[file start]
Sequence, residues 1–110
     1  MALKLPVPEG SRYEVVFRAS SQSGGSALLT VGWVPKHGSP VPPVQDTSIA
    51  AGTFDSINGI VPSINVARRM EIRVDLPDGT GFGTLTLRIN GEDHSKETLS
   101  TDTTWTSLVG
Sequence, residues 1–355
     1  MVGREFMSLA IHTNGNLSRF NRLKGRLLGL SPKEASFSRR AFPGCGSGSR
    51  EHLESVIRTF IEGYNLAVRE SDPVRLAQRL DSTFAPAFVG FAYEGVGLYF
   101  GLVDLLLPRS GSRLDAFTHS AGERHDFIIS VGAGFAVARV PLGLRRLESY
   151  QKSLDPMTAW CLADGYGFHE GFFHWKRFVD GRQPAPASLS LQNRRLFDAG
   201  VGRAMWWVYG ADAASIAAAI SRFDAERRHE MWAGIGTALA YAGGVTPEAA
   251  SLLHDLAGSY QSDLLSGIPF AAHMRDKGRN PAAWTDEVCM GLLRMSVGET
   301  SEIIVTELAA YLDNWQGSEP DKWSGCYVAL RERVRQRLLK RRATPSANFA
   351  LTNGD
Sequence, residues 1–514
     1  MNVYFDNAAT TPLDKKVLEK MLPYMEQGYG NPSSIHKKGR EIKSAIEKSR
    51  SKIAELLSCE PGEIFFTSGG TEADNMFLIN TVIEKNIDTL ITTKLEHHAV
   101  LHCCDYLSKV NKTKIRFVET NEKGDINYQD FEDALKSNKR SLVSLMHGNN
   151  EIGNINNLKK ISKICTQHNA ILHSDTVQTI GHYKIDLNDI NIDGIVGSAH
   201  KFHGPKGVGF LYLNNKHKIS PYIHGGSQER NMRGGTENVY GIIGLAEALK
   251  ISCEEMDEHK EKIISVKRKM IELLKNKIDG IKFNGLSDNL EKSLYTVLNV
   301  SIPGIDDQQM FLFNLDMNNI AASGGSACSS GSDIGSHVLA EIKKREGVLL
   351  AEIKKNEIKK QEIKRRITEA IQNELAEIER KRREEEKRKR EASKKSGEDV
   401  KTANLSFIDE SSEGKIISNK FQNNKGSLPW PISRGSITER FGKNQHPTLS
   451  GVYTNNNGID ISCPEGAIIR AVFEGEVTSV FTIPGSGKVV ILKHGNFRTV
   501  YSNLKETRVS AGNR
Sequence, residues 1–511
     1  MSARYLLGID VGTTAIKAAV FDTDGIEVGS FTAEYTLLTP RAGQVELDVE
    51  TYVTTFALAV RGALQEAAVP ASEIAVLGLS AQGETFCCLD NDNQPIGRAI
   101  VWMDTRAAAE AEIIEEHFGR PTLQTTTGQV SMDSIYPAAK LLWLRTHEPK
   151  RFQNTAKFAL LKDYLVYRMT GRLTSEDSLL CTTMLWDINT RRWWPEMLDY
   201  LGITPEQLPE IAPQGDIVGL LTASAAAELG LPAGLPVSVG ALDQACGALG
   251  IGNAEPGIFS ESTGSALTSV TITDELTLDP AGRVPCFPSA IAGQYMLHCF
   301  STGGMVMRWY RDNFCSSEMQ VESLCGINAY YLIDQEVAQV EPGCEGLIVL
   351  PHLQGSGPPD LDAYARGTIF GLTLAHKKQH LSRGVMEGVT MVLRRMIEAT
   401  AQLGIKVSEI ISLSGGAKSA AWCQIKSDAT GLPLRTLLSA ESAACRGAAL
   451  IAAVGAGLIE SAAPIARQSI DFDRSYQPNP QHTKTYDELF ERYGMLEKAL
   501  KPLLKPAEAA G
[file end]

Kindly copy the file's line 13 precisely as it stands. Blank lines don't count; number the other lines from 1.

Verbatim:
   351  LTNGD